The exact location of all the muscle spindle cells in each muscle is the subject of much research. Some mapping has been done to allow specific manipulation to effect change through this mechanism (refs). It is very likely that muscle spindle cells in the horse will be homologous, and it will be possible to clarify the role of these cells in “tapotement” in the horse.

So how might Endo-Tapping™ effect relaxation through action on the muscle spindle cell? Assuming a degree of abnormal contraction from mechanical stress, that is residual tension, in a muscle, “Tapotement”, quick and direct as it is, might pulse a bunching of the muscle spindle cell(s) adjacent to the site of tapping. The mechanical force of the tapping travels radially through tissue around the site of tapping, so it makes sense that those spindle cells oriented in a radial pattern there would experience a reduction in tension in their nerve fibers, and send a message to the central nervous system which would result in relaxation of the muscles served by those spindle cells.

The second anatomical element in muscle resides at the junction of the muscle itself and the tendon, which attaches every muscle to the bone which it acts upon to produce movement. This element is called the Golgi tendon organ, and its purpose is the opposite of the muscle spindle cell: when its intrinsic nerve fibers sense a sudden stretching, its communication with the central nervous system causes a relaxation of the muscle. The purpose of this nerve programming is to protect the muscle itself from pulling loose from the tendon, damaging the musculo-tendinous junction.

In its action upon this anatomical element, Endo-Tapping™ very likely supplies the pulse of sudden stretching of the Golgi tendon organ needed for relaxation of that particular muscle as it responds to protect its musculo-tendinous junction. And it is that very suddenness of the impulse from the tapping that probably makes it so effective, as no time is allowed for resistance or bracing as often happens during manual manipulation and training.

In addition to the clear possibility of two physiological mechanisms for local relaxation by “tapotement”, as I mentioned before, there is the gross appearance of an endorphin release during Endo-Tapping™. It would be very interesting to measure blood levels of endorphins, as well as heart rate and other indicators of relaxation as the “tapotement” proceeds.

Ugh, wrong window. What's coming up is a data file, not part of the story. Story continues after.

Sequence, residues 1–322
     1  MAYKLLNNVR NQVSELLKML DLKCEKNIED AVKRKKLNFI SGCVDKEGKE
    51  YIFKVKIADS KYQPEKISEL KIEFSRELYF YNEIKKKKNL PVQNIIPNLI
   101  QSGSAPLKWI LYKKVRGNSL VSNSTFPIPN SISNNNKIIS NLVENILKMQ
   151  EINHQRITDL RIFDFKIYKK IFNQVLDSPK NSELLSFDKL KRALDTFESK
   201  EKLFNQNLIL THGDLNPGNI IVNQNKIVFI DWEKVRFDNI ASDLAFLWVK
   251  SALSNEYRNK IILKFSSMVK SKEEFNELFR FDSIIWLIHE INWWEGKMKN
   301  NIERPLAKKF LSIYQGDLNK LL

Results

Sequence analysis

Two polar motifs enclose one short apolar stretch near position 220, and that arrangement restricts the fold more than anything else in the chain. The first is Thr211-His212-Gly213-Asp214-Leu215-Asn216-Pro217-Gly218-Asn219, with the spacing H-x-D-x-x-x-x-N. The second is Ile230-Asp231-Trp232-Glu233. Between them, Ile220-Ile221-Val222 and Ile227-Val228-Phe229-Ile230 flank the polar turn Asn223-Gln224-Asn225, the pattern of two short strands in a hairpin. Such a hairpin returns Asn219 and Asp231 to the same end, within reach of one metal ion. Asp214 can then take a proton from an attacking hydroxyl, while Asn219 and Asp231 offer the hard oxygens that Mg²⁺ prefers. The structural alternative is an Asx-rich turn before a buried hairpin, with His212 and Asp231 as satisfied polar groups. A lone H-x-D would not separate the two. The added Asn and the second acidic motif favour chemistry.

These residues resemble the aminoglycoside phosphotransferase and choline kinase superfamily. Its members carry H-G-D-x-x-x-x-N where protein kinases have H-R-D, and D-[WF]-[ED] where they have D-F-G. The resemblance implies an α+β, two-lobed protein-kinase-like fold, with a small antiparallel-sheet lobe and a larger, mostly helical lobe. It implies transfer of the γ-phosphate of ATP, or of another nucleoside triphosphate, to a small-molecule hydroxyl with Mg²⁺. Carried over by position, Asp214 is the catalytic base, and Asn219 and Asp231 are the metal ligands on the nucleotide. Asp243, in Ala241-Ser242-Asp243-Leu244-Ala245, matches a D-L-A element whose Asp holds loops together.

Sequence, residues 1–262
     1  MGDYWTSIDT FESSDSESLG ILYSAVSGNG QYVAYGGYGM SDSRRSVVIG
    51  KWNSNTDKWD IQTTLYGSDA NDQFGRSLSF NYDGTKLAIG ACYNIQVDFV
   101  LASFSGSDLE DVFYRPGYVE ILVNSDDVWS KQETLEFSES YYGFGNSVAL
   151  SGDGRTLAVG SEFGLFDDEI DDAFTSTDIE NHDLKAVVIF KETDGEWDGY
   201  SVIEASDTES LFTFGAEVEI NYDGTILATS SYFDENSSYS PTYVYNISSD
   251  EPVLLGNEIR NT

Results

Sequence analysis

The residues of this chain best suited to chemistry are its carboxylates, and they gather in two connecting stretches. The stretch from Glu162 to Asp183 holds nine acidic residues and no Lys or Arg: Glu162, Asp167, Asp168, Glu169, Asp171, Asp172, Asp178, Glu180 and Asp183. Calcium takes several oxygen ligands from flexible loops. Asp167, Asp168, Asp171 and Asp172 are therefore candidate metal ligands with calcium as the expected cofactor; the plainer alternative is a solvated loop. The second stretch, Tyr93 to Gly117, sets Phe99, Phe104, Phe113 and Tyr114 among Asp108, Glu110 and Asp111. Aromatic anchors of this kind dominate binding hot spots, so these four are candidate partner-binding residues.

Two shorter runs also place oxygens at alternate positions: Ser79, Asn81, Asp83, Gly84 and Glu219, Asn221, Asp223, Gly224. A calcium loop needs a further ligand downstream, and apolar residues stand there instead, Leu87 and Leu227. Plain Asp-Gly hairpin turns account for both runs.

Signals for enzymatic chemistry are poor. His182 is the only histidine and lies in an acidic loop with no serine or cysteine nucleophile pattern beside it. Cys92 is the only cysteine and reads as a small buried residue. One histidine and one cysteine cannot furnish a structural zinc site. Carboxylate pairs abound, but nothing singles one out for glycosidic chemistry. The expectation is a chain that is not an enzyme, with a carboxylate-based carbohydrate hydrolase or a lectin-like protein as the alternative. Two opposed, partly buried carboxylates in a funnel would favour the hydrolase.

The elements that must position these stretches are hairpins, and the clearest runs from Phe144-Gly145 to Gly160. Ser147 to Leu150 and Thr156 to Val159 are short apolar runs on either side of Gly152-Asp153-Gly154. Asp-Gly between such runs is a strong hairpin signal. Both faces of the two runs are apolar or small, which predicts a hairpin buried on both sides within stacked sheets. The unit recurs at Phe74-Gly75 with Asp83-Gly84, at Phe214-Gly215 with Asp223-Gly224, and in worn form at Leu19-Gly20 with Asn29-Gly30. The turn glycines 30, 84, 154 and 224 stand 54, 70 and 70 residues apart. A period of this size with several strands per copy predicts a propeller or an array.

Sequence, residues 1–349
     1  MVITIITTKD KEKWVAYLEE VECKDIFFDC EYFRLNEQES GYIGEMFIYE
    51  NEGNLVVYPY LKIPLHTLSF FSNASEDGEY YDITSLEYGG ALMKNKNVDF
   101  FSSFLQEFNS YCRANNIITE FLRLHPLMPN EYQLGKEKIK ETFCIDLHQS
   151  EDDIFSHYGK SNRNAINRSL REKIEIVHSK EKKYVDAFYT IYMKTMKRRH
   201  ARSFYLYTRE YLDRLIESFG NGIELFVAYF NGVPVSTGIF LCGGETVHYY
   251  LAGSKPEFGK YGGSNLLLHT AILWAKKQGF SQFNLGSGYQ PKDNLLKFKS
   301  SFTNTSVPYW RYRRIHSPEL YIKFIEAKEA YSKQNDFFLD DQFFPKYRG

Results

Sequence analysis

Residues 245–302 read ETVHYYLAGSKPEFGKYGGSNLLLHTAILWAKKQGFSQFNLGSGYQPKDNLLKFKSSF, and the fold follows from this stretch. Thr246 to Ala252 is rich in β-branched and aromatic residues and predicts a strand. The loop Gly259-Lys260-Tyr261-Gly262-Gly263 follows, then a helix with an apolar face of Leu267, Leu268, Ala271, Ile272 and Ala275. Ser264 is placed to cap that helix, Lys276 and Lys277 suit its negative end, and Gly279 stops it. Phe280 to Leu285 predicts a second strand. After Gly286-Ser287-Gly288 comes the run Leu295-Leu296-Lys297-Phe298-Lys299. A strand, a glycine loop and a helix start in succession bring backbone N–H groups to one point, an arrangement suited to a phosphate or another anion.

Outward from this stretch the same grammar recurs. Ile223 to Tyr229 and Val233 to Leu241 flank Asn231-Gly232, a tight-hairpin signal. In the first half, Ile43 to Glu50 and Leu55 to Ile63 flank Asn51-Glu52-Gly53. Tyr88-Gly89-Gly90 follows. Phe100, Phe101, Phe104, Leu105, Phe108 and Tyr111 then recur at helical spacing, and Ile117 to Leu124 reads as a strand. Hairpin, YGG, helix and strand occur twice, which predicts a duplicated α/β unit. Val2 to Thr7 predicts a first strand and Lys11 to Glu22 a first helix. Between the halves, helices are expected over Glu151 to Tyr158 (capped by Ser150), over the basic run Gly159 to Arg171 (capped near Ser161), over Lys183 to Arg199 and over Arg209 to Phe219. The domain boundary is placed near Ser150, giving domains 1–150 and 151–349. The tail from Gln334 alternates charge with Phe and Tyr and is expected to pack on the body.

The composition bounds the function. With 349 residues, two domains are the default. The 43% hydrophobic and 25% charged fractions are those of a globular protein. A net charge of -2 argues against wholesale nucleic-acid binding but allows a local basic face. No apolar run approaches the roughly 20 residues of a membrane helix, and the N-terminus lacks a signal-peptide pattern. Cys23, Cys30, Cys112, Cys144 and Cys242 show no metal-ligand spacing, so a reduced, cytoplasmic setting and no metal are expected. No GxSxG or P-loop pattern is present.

One must ask, what is the full description of release, expressed as we see it in the application of this “tapotement” technique in the horse? What we see is a variety of signs of relaxation: full exhalation, softening of expression involving the small muscles around the eyes, nostrils, and ears, chewing and salivation, and lowering of the head. What we feel manually at the same time is overall softening of muscles associated with these obvious outward signs. The local effects mediated by the anatomical elements of the muscle are only part of the overall effect. Clearly the brain responds to some systemic effect as well.

The possibility is also there that something about the tapping, the close physical presence and the repetitive contact, "means" something to a horse that we can only speculate about. Over the eons, the horse's evolution has created a program for flight, and as a flip side of that a program for rest (relaxation) and play (relaxed performance, our training goal). Everything that happens in the horse's natural world fits into one of these categories. He is informed by the horses around him in the herd. Somehow, perhaps, this tapping may sum up to a feeling of safety in his limbic system.

There are many questions raised by these observations. How many ways can relaxation be quantified? By heart rate? By vaso-dilatation, or dilation of the pupil in the eye? By galvanic skin activity? Can the involvement of the muscle spindle cell and the Golgi tendon apparatus be demonstrated? Neuro-physiologic studies do address questions involving both the function and the anatomical mapping of these structures in animals. Can the release of endorphin, or other neuro-peptide, be demonstrated? Presumably, if it occurs, it can be demonstrated.

How many things can this tapping method be used for? Calming? Promoting healing? Preventing and treating colic? There is anecdotal evidence for all these. This is something which needs to be explored, understood more fully, refined, and made available for the benefit of the horses in our lives.



Thursday, May 20, 2010

Saddle Fitting Information

Friday, March 5, 2010


Contribution by author Lynne.

As a Graduate BALIMO^TM Instructor, I have learned that the 10-2 (or
even just 11-1) position [pictured as 10 o’clock and 2 o'clock oR 11:00 and 1:00] of a person's toes when they are walking, without consciously thinking about their feet, is indicative of the relative strength of the muscle chain that either rotates the whole leg in or out (from the hip). The toes point in the direction of the muscle
group that is tighter and more contracted. The solution lies in
balancing the two groups by stretching one and strengthening the other.

One excellent series of exercises, pioneered by Pete Egoscue, is this:
1. Three-position toe raises. Raise up onto the forefoot, then lower to
the ground. Repeat 10 times in each position. First position is with
toes pointing straight ahead, Second position is with toes pointing
outward, Third position is with toes pointing inward.
2. Adductor squeezes: Lying on the floor with both knees bent so the
soles of the feet are flat on the floor, place a pillow betwen the knees
and squeeze the legs together. Do 3 sets of 20 repetitions.
3. Floor bridge: Holding a pillow between the knees, and beginning from
the "idle" position in #2, raise the back and buttocks up off the floor
so that weight is only on the feet and the shoulders. The raised trunk
should make a relatively straight line to the knees. Hold for one minute.